A key member of the European Cancer Concord Steering Committee, Meunier was instrumental in supporting the Queen’s University-led European Cancer Patient’s Bill of Rights which was launched in the European Parliament in Strasbourg on World Cancer Day 2014.

Speaking of her DMedSc for services to science and medicine, Dr Meunier said: “I am so grateful to be given this accolade. Queen’s University is a world-class institution which is carrying out world-leading research in the area of cancer. It has been a privilege to work with the university and I look forward to many more collaborations as, together, we try to improve outcomes and treatments for cancer patients.”

Also being recognised today is Professor Sir Alex Markham, an internationally acclaimed leader and advocate for cancer research. Professor Markham, who is a Fellow of the Academy of Medical Sciences, served as Chief Executive of Cancer Research UK using his vision and drive to turn the organisation into the largest funder of cancer research in the UK and one of the world’s largest.  

Knighted in the 2008 New Year’s Honours List for his services to academic medicine, Professor Markham is a member of the Advisory Board for the School of Medicine, Dentistry and Biomedical Sciences at Queen’s, providing support and advice that has helped the school’s Centre for Cancer Research expand its growing reputation for excellence across the world.  

Professor Markham said: “I am delighted to be recognised in this way by Queen’s University, a world-leading institution for medical research where I have had the pleasure of supporting and mentoring many of the world’s leading cancer specialists. If I had any words of wisdom for my fellow graduates today, it would be to challenge themselves and to pursue their passions. Their education, from the top-class university that is Queen’s, can and does change lives.”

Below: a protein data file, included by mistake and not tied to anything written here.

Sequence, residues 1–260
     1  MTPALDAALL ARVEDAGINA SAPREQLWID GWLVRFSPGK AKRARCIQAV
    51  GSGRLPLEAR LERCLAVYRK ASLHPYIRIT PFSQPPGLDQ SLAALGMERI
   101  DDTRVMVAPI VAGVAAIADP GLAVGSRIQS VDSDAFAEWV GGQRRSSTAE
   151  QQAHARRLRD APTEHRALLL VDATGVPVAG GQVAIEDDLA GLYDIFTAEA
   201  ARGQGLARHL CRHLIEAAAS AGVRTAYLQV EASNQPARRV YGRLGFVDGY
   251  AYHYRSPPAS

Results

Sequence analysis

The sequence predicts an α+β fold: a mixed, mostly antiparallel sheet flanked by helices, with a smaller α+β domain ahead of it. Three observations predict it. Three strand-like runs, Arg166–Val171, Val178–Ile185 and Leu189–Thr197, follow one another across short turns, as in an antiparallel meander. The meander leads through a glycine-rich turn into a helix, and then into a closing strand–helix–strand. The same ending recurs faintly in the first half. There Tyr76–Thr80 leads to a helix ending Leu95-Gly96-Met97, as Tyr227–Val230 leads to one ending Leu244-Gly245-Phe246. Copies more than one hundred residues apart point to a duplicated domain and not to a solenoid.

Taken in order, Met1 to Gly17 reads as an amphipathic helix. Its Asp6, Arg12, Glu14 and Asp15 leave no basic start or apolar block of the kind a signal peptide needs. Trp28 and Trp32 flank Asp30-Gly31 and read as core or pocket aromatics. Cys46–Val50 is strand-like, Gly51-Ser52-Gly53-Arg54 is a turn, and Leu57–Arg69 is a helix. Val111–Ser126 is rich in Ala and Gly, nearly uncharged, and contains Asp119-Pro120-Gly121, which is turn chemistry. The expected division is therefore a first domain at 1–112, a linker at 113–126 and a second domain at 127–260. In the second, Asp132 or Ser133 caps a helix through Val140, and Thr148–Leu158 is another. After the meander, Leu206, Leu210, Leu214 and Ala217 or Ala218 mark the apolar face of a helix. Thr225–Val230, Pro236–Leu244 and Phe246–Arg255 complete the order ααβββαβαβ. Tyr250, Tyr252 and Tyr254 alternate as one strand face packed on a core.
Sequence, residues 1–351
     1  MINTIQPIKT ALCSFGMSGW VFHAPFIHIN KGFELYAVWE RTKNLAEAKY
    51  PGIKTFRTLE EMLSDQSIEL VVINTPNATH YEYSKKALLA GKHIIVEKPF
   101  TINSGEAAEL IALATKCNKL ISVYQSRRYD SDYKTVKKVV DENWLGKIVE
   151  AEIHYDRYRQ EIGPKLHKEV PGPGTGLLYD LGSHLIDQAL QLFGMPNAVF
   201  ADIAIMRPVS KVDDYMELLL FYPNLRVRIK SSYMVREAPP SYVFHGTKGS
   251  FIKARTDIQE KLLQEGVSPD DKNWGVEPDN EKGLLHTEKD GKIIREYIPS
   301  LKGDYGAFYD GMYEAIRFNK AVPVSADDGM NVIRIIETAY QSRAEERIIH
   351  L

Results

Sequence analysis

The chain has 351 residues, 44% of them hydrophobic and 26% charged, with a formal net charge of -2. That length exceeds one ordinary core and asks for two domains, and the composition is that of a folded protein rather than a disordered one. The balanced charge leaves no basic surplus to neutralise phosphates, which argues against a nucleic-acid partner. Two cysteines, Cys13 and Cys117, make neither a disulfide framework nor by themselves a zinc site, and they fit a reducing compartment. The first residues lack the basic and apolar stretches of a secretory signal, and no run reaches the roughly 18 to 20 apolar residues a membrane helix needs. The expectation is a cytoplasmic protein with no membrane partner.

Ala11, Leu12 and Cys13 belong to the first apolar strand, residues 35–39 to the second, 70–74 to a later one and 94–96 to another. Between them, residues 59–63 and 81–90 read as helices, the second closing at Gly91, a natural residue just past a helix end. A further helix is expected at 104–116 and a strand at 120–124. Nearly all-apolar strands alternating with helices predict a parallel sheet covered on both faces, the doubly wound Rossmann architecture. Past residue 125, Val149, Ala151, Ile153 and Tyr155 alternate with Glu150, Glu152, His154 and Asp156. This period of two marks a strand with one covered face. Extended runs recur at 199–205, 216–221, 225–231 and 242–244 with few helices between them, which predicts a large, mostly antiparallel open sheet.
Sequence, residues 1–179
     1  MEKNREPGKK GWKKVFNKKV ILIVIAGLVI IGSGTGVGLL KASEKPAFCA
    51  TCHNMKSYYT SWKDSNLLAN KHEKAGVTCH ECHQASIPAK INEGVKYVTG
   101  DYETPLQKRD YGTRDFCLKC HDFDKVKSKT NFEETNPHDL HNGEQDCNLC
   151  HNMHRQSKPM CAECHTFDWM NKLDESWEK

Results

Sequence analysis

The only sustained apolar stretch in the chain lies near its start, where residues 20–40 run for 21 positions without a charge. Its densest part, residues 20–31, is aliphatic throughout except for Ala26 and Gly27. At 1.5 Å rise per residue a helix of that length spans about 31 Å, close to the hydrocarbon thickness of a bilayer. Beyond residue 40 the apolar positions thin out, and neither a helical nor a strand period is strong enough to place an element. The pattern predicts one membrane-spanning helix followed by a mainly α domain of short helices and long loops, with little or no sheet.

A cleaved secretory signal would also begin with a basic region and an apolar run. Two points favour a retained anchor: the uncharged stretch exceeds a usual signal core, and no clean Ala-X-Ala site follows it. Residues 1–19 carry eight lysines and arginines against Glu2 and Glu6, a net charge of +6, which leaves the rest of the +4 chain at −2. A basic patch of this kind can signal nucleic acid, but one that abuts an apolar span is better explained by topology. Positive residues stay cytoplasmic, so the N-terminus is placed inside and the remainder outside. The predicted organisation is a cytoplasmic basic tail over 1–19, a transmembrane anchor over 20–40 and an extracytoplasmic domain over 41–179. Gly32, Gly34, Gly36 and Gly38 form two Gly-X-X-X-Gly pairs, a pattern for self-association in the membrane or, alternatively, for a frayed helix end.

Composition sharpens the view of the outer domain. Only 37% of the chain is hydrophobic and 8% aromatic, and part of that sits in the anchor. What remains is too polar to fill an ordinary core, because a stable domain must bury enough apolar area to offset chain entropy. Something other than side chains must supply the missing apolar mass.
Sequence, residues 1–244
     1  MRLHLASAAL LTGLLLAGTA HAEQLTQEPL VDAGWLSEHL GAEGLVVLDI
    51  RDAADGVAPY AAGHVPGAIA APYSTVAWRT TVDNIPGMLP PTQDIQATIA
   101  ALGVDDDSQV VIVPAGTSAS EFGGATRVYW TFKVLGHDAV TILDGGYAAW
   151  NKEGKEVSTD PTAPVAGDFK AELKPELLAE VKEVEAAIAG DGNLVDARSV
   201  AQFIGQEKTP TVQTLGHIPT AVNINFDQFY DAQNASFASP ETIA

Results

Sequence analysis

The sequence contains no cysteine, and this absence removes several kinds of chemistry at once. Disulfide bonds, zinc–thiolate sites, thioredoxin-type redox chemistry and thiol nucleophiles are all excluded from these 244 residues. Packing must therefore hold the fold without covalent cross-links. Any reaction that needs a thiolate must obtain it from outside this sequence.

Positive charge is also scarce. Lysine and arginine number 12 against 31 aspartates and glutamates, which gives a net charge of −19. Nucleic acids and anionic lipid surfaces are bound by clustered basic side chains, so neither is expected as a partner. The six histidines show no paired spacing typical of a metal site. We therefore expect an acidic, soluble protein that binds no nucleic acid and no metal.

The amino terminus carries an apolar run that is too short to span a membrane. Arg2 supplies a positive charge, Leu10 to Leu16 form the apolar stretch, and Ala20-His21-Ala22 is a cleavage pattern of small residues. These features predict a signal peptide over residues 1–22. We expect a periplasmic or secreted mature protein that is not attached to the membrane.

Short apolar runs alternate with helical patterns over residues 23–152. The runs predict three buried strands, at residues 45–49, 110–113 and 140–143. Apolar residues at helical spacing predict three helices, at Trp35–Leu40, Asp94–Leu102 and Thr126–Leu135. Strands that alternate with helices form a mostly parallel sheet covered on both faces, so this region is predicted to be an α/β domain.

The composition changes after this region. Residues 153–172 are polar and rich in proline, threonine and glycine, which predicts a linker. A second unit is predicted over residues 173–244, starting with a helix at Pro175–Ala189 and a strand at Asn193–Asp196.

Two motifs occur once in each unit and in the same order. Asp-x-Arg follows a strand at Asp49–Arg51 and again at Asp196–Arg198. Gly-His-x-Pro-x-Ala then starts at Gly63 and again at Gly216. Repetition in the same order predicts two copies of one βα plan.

Media inquiries to Queen’s Communications Office on or 028 9097 3087.

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UK Student Volunteer of the Year prepares for medical career

UK Student Volunteer of the Year, Aidan Bannon, who helped establish the Red Cross at Queen’s University, is celebrating his graduation this week. 

Aidan, from Belfast, who is graduating with a degree in Medicine, was awarded the title of the UK’s ‘Student Volunteer of the Year for 2014’ for his tireless work to improve the lives of students at Queen’s. He has already secured a job as a doctor at the Royal Victoria Hospital, Belfast. 

As a founder of the Red Cross Society at Queen’s, an organisation which aims to support disadvantaged people in society, Aidan has helped improve the confidence and skills of over 3,500 young people across Northern Ireland.

He has also been involved in the student Volunteer Academy and spearheaded the ‘Mind Your Mood’ campaign at Queen’s, which has raised awareness of mental health issues across the University. 

Aidan said: “I’ve really enjoyed my time at Queen’s. I’ve met so many good people, learnt so much from my lecturers, and been inspired to make a difference. The School of Medicine, Dentistry and Biomedical Sciences is a hub of volunteering and leadership opportunities, and it has given me the chance to give something back and to help improve the lives of other people.

“I’m really looking forward to the next step. I will be working as a doctor, something I’ve always dreamed of doing, but I also plan to continue to volunteer and to try and improve society for everyone.”

Aidan joins the 94 per cent of Queen’s students who are in employment or further study six months after graduating.